The Lake Okeechobee Greater Everglades Ecosystem includes 16 counties, 164 cities, $2 trillion of economic impact and 55% of the real estate vale in the state of Florida. During South Florida’s annual wet season, roughly 60 inches of rainfall provides for ample water that replenishes the aquifers which provide drinking water to 8.1 million people in South Florida. This unique ecosystem exerts a dominant influence over Florida’s hydrologic cycle and seasonal weather patterns.
Everglades National Park is a World Heritage Site and one of America’s unique environmental assets. Every dollar spent on its restoration generates $4 in economic benefit to Florida and the United States.
Decades of agriculture, ranching and explosive population growth combined with flood control projects which have channelized and drained the Kissimmee, Caloosahatchee and St. Lucie rivers, and the Everglades marshes, have significantly degraded the quality of the water in the lake and connected waterways.
Poor water quality and federal limits on the amount of phosphorus that can be discharged into the Everglades requires appropriate clean up before any attempt to move water south into the marshes and Florida Bay.
The system is now less than ½ its original size and the lake fills up 6 times faster than it can be drained, which generates massive discharges into the rivers, estuaries, bays and beaches on the east and west coasts. In 2016, Florida has experienced over 200 days of Lake Okeechobee water being dumped east and west.
Primary issues and challenges which result from this are:
- Polluted water reaching the delicate estuaries, rivers, bays and beaches both east and west.
- Inability to deliver needed clean water to the Everglades to prevent the marsh from drying out and to protect the ecology of the bay, its protective mangrove perimeter and sport fishing industry in the Florida Keys.
- Imbalances of salt and fresh water between periods of drought and flood impact the ecology of the estuaries which are the base of the marine ecosystem, creating conditions for algae and harmful micro-organisms, and can inhibit operations of drinking water facilities in the upper Caloosahatchee River, e.g. the Olga water Treatment Plant.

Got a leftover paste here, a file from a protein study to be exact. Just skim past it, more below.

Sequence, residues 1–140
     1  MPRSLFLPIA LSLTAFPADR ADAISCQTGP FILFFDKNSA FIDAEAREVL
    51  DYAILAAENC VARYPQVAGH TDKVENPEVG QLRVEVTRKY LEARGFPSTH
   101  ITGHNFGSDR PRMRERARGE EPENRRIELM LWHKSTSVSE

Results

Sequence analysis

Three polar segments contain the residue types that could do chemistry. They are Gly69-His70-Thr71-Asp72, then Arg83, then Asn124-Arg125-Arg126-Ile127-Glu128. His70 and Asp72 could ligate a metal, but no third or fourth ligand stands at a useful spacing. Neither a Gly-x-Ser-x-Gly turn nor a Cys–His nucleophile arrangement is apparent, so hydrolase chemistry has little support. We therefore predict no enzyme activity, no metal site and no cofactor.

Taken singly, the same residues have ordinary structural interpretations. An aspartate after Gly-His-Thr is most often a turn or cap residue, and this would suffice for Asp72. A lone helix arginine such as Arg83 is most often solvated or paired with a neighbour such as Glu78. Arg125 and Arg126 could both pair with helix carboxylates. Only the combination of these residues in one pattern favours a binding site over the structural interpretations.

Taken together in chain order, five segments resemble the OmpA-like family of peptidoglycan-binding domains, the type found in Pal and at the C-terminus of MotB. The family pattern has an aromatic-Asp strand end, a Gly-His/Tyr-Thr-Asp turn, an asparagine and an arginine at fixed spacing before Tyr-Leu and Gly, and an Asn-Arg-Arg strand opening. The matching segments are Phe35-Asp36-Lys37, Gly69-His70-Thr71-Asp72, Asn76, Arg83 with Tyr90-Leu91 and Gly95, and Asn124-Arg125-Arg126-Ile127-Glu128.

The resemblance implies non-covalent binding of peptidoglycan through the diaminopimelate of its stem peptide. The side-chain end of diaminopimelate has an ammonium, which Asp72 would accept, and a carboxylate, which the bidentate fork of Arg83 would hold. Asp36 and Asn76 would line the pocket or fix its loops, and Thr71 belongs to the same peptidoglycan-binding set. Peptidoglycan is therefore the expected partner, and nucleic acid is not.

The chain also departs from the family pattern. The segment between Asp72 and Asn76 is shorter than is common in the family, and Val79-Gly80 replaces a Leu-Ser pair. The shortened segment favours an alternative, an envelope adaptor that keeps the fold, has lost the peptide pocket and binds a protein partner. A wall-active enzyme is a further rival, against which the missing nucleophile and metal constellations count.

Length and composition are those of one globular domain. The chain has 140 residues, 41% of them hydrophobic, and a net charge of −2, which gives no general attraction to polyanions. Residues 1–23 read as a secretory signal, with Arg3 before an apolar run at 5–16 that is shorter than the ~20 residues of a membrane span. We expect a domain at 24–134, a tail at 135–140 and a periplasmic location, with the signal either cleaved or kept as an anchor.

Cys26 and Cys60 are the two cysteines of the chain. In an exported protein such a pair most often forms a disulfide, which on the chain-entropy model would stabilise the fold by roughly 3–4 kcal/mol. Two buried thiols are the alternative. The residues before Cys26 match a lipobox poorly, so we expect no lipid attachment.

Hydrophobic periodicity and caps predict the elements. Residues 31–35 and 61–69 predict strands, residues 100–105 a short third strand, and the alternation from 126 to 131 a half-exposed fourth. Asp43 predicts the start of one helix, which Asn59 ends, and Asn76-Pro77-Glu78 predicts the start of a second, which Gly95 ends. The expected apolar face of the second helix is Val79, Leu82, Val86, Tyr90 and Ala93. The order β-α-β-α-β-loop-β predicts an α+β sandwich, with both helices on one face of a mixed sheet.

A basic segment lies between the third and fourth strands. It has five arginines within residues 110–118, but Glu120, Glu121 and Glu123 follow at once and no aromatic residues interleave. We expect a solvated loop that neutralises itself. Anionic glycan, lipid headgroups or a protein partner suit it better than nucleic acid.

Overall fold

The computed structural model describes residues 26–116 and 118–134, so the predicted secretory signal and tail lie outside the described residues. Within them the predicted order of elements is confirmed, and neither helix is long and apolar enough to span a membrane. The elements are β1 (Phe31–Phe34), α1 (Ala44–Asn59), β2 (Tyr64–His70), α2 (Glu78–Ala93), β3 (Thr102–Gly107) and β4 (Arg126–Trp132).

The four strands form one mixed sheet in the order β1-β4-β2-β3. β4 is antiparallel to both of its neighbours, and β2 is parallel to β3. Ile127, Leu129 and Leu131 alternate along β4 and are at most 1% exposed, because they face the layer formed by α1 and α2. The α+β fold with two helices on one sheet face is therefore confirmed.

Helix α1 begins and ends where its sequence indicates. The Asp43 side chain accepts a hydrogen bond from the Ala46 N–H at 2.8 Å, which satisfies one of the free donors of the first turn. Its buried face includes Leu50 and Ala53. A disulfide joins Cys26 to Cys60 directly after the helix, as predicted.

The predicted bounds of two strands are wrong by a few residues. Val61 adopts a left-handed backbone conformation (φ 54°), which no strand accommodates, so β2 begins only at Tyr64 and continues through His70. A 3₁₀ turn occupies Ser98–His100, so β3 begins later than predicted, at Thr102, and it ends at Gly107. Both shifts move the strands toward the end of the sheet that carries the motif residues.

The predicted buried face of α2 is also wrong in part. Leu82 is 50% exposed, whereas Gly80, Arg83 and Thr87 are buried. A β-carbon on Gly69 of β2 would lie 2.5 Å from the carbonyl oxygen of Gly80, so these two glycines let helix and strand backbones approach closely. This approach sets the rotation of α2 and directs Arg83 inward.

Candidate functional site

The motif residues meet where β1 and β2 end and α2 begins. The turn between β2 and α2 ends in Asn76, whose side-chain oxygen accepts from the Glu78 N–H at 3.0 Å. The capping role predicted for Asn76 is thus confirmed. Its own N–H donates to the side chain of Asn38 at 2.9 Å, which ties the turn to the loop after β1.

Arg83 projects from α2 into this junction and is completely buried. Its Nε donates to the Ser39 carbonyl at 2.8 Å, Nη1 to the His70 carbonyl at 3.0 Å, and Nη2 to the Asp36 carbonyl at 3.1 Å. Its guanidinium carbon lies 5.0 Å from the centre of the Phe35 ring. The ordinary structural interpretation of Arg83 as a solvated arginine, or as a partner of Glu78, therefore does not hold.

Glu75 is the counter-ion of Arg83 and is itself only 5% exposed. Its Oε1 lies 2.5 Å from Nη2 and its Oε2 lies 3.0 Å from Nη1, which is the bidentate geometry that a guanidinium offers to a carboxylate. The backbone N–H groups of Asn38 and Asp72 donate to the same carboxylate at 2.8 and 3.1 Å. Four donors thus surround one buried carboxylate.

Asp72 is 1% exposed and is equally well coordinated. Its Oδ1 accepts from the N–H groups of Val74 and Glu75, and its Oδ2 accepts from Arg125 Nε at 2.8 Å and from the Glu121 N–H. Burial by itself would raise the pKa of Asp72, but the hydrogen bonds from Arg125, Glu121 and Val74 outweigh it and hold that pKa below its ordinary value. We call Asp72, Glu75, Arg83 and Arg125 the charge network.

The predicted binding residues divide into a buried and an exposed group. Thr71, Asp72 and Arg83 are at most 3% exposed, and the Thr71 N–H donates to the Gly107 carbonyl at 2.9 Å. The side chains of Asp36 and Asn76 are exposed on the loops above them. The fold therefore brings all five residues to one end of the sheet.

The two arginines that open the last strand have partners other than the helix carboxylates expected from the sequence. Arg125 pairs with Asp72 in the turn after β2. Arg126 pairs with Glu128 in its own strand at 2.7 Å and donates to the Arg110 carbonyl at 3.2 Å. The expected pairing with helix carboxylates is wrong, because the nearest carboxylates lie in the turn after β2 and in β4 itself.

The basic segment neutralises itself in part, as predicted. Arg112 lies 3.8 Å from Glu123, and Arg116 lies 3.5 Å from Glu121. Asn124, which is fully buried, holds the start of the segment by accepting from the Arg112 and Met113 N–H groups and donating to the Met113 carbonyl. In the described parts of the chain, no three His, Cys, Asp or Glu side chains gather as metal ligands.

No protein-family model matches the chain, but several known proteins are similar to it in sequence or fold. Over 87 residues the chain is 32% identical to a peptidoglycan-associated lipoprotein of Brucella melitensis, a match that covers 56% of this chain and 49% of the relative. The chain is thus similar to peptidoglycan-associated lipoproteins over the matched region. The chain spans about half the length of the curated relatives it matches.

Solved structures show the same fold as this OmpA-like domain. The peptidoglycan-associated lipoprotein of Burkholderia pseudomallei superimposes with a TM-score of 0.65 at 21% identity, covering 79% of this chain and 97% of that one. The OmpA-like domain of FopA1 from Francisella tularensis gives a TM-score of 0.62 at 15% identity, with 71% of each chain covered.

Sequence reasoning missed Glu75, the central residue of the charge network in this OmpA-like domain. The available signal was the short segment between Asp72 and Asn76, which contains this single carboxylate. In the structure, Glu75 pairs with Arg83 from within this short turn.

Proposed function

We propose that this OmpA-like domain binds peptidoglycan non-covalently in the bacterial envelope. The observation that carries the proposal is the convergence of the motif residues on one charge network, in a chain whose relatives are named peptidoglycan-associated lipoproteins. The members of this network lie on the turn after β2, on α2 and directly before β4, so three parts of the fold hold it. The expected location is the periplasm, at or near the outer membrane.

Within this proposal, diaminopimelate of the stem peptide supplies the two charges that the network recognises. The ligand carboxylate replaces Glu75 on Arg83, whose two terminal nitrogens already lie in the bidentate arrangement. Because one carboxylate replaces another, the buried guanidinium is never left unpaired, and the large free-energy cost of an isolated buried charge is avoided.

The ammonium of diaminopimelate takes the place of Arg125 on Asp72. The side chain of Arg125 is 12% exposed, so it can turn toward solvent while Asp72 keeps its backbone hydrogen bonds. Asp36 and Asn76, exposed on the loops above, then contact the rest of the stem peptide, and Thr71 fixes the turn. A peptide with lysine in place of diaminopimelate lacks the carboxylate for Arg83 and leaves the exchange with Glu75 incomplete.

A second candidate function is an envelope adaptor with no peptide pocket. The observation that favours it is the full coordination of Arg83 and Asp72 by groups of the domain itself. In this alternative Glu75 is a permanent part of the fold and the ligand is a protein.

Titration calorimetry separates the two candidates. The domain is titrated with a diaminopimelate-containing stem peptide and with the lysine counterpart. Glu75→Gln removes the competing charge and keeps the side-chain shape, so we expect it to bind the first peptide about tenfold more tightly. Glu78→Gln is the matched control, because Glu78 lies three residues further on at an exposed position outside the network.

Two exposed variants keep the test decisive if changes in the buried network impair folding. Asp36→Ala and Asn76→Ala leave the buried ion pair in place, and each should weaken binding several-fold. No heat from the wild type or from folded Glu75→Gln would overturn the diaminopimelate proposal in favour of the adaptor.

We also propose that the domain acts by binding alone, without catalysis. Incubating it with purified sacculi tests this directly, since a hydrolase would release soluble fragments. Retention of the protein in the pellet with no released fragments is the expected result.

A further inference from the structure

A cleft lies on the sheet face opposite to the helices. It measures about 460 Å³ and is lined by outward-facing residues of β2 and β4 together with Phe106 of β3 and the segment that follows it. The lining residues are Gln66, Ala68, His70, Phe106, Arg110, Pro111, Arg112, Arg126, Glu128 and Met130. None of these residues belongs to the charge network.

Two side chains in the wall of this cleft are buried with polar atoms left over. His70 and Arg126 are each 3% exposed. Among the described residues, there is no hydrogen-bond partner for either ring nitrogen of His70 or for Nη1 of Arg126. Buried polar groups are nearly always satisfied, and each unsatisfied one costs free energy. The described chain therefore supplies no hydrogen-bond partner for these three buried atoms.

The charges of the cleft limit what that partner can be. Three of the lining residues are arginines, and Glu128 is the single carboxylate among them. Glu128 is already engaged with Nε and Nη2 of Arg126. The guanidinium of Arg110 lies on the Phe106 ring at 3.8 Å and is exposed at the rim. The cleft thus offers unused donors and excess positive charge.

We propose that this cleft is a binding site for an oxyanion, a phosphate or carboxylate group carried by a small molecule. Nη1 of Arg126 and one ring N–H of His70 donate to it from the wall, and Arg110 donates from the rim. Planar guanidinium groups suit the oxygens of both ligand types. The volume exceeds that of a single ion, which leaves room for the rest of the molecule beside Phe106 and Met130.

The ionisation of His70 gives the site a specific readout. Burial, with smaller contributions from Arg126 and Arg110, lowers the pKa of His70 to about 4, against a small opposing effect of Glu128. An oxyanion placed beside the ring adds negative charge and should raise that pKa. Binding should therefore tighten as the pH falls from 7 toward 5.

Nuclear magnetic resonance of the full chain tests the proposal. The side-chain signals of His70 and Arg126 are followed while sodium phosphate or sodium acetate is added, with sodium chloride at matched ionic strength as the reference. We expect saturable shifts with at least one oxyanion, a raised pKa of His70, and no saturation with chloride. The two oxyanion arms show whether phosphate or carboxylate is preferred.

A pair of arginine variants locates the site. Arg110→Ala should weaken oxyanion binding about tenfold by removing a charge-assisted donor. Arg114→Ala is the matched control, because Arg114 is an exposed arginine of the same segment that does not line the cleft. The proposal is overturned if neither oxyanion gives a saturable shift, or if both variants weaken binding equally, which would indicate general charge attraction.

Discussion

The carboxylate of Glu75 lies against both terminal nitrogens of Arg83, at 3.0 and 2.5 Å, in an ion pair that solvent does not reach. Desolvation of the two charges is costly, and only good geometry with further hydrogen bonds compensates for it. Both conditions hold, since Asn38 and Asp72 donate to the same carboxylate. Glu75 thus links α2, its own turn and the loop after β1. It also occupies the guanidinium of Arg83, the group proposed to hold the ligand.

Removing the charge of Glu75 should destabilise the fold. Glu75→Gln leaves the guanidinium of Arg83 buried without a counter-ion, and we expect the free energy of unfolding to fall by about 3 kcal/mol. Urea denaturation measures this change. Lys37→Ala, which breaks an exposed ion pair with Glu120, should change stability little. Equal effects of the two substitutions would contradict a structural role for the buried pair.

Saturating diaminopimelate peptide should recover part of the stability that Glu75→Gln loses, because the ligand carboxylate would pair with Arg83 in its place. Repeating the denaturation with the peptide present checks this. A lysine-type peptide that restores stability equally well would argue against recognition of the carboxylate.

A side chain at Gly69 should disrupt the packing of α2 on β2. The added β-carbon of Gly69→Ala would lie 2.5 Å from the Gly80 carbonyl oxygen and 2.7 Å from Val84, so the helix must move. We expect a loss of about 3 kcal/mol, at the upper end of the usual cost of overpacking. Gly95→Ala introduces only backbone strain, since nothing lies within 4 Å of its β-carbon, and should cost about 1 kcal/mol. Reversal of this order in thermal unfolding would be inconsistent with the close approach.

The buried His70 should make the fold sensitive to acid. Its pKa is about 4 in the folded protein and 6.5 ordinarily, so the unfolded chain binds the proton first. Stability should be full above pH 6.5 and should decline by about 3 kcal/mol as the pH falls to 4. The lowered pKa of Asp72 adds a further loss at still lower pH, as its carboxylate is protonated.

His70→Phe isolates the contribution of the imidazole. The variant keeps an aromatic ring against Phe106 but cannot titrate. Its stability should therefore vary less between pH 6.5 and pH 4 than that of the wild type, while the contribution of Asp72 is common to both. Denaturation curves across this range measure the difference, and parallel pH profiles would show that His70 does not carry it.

In December 2000 the Comprehensive Everglades Restoration Plan (CERP) was passed by Congress and signed by the President. CERP created a long-term partnership between Washington and Florida by calling for the construction of 68 projects, over 30 years at a cost, at the time, of $8 billion. The federal/state partnership requires a 50/50 cost share on all restoration projects.
CERP projects include storage and treatment features on the north, east, south and west sides of Lake Okeechobee. Storage and treatment south of Lake Okeechobee is critical in order to improve freshwater flows southward to the Everglades and to Florida Bay. This also reduces damaging discharges to the estuaries while helping balance salinity and improve water quality. This involves restoring “sheet flow” across wide areas of the marshes to replace the compartmentalized system which exists today.
One key project of the CERP which was not authorized in 2000 is the Central Everglades Project (CEPP). CEPP is included in the recently passed WRDA legislation that now awaits House and Senate Conference. CEPP implementation will remove man made barriers to flow water through the central Everglades. While CEPP is not a water storage project, it provides the treatment and conveyance capacity needed to flow more clean water through the system where water will re-charge the aquifer and provide water supply to Everglades National Park and Florida Bay.
As it relates to funding, to date, the state has spent nearly $2 billion on CERP projects while Washington has funded $1.1 billion. The White House and Congress must ensure it continues to fund its 50% share of the CERP.
There are also collateral projects that, while not part of the CERP, are equally important:
- Fortification of the Herbert Hoover Dike around the lake to prevent catastrophic failure during flood periods. This work is underway by the U.S. Army Corps of Engineers but can be accelerated if funding were appropriated ($800 million will be needed to complete this).
- Extension of the Tamiami Trail (US 41) bridging project so water can flow south under the road into the marshes and then reach Florida Bay. The 1st mile was paid for by the federal government, a contract for the next 2.6 miles of bridging has been awarded and the state and federal government will split the roughly $180 million price tag. Following the next 2.6 miles of bridging, an additional 2.9 miles of bridging is expected.
In summary, long-term funding commitment to the execution of the CERP and related projects is critical to the future of Central and Southern Florida. Each year brings more destruction of the Greater Everglades. Harmful impacts of flood or drought conditions in the watershed increase the long-term damage to the ecosystem and threaten our local economies and the lives of our resident.
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